Energia Y Desarrollo Social

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Describe la relacion entre la energia y el desarrollo social.

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Energia Y Desarrollo Social

  1. 1. International Energy Agency © OECD/IEA - 20082008 © OECD/IEA -
  2. 2. Linking Energy and Development:  IEA’s Input Energy‐poverty data for an informed debate  Quantitative analysis and projections of energy  Setting the energy poverty questions in the global  S tti th t ti i th l b l energy context Outreach to OECD governments and financial  O t h t OECD t d fi i l communities © OECD/IEA - 2008
  3. 3. Energy and Development in  Th W ld E O tl k’ i The World Energy Outlook’s series: WEO 2002: Energy and Poverty (WSSD) WEO 2003: Universal Electricity Access WEO 2004: Chapter on Energy and Development WEO 2005: Electricity and Water Outlook  in Middle East & North Africa WEO 2006: Energy for Cooking in Developing Countries WEO 2007: Energy Poverty in India WEO 2008: Energy Poverty in Resource‐ Rich Sub  Saharan African Countries WEO 2009: Electricity access database and impact of current policy  on energy and poverty (just released) © OECD/IEA - 2008
  4. 4. Energy Use & Human Development Energy is a prerequisite to economic & human  development, it has impact: On meeting basic need for food and shelter On social development through education and On social development through education and public health The link between human development  and energy use  is complex, we have identify 3 key indicators:  1. The  access to electricity 1 The access to electricity 2. The amount of energy used per capita 3. The  level of transition to modern energy services © OECD/IEA - 2008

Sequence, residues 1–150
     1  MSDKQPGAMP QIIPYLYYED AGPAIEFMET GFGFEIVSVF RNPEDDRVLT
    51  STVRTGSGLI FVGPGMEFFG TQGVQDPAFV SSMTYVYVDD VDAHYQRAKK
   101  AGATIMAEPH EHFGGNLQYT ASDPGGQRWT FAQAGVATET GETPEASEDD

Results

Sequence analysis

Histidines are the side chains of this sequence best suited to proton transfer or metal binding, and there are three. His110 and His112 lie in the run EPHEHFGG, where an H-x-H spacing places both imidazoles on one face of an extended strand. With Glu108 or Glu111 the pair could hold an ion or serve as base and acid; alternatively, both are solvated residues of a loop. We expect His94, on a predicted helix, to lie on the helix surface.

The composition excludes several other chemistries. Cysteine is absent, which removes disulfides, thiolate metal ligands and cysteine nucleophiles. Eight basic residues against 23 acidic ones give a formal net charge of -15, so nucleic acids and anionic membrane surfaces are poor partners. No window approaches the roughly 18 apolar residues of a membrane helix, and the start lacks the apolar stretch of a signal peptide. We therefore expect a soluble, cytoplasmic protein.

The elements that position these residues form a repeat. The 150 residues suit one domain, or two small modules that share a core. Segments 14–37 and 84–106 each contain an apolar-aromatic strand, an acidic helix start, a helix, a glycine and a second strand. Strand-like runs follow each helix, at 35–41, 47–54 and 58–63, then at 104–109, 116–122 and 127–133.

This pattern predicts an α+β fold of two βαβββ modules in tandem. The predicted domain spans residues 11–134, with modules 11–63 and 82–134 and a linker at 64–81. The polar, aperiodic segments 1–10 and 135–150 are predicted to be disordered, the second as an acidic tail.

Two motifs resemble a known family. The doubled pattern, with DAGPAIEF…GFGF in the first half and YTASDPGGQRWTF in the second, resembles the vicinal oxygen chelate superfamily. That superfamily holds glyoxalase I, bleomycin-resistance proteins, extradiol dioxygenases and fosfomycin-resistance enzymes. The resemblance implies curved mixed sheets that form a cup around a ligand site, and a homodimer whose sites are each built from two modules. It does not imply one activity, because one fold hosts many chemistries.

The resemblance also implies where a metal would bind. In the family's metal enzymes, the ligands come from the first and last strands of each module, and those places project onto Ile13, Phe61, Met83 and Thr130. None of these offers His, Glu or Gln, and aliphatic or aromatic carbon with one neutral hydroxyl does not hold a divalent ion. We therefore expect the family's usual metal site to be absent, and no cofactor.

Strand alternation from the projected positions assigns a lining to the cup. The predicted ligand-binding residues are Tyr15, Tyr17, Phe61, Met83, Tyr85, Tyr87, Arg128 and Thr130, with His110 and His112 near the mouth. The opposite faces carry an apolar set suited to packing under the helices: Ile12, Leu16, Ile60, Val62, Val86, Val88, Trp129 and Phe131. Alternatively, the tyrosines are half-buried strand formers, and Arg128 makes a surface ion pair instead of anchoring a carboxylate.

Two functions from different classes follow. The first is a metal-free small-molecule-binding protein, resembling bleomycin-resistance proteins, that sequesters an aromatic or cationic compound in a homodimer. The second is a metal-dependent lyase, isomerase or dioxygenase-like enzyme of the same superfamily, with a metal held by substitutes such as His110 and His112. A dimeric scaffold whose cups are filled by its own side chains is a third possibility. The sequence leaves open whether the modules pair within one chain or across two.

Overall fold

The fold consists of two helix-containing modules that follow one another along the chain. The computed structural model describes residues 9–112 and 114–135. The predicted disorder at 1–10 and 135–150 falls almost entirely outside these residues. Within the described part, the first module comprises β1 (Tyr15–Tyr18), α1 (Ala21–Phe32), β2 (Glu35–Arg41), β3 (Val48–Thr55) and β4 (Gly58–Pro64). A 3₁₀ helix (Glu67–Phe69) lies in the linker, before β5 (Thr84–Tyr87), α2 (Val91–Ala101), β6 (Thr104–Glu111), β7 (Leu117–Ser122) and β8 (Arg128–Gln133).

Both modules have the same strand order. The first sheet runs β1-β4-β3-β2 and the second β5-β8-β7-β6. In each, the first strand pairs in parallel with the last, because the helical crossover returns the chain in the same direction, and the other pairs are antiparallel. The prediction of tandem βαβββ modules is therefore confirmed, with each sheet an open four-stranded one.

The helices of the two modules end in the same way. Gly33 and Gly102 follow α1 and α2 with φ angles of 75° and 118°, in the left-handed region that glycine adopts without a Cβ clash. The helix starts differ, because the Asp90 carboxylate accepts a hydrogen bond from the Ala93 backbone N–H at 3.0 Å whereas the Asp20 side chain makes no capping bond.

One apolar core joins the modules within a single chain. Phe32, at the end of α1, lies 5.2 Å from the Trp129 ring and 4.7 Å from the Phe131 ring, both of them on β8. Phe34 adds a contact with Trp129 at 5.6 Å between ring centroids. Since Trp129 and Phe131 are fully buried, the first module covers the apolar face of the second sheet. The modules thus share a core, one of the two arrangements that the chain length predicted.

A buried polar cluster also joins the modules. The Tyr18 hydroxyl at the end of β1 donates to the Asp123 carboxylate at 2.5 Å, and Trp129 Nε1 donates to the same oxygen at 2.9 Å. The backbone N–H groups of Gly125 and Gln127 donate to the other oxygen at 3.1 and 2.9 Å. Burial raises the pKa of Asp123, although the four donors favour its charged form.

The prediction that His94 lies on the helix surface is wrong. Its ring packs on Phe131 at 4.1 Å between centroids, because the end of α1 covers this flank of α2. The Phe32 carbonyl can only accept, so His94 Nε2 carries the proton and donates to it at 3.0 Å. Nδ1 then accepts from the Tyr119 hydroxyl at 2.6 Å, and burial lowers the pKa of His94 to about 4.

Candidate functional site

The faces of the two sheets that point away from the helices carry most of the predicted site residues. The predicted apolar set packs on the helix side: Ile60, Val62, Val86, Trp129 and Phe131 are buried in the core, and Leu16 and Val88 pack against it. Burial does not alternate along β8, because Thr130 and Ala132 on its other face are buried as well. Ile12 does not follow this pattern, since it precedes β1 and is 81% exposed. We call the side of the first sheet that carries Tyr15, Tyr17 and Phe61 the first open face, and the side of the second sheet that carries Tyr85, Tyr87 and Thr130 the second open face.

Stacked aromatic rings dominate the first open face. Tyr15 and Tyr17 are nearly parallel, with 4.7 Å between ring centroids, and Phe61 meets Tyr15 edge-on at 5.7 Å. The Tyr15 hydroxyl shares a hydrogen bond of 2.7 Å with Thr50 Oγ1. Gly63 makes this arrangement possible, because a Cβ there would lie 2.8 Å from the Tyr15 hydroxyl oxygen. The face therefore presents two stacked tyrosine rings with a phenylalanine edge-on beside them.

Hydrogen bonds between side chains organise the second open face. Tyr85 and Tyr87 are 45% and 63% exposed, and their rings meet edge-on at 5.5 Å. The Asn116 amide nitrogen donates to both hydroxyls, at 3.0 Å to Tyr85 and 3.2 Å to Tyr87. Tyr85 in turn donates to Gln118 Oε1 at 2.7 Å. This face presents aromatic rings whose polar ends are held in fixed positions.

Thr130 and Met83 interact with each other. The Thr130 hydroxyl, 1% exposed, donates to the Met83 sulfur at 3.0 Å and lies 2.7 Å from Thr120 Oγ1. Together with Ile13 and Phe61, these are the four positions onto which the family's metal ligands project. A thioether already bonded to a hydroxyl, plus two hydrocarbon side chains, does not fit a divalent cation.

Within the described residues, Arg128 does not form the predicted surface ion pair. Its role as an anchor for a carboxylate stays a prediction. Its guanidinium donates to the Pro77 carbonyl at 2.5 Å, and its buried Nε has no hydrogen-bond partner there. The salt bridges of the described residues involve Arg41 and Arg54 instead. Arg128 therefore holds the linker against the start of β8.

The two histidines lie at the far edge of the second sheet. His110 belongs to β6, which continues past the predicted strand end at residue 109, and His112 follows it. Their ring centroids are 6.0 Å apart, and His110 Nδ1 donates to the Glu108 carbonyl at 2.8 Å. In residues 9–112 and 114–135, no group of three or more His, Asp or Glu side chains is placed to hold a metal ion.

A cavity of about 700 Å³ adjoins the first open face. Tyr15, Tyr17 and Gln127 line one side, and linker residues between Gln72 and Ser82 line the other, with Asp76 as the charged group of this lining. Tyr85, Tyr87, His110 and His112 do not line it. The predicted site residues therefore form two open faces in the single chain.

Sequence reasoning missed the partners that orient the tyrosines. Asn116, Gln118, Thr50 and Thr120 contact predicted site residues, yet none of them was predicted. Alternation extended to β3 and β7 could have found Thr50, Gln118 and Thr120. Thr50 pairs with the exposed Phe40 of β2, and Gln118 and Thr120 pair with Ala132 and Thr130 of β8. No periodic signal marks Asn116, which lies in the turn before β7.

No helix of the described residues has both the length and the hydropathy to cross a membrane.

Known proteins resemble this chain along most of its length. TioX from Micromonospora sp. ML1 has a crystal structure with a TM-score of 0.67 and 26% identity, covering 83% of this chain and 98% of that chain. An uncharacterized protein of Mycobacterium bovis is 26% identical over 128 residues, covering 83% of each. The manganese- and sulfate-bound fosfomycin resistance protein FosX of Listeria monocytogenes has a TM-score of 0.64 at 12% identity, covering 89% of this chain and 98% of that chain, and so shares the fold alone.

5. 5. © OECD/IEA - 20082008 © OECD/IEA -
  6. 6. Electrification rates and population without  t l t i it access to electricity 90% Malawi Electrification rate Uganda 80% Bu rkina Faso Ave rage e lectrificatio n rate in developing co untries = 72% DR o f Co ngo 70% Tan zania E Mo zambique 60% Myan mar Afgh anistan 50% Ke nya Eth iopia 40% An gola Came roon 30% Su dan Ye men 20% Bangladesh Nige ria 10% Pakistan Indonesia 0% India 0 100 200 300 400 500 600 700 800 900 1 000 1 100 1 200 1 300 1 400 1 456 Oth e rs Po pulation without access to electricity (million) © OECD/IEA - 2008
  7. 7. Number of People without Electricity 2008 2030 Electricity, 2008- © OECD/IEA - 2008
  8. 8. Key messages for Electricity Access •There is a strong link between people with access to electricity and poverty •In absence of vigorous policies, the number of people who will be denied electricity access will growth in the future, to reach 1.3 billion in 2030 • Priorities for poor countries are Infrastructure: An adequate size of electricity  market is a prerequisite to attract private investors.  k i ii i i Affordability: once the infrastructure is in place, the  main problem to overcome is households’ capability  i bl t i h h ld ’ bilit to assume up‐front costs.  © OECD/IEA - 2008
  9. 9. © OECD/IEA - 20082008 © OECD/IEA -
  10. 10. The link between Energy Use per Capita & Human Development Index 1.0 0.8 0.6 06 HDI 0.4 0.2 OECD Non-OECD 0.0 00 0 2 4 6 8 10 12 14 Primary energy demand per capita (toe/cap) There is a strong link between per capita energy use & the UN’s HDI - particularly for the least developed countries © OECD/IEA - 2008
  11. 11. Per Capita Energy Consumption & Poverty 3 apita mary energy demand per ca 2 d (toe) 1 average prim 0 >75 40-75 5-40 <5 percentage of population living with less than $2 a day Commercial energy Traditional biomass The link between per capita energy use & human development is much stronger when considering commercial energy alone © OECD/IEA - 2008
  12. 12. Per- Per-capita primary energy demand, 2030 In 2030, disparities in per‐capita energy consumption remain stark, ranging from  7 toe in Russia to 0.5 toe in sub‐Saharan Africa © OECD/IEA - 2008
  13. 13. © OECD/IEA - 20082008 © OECD/IEA -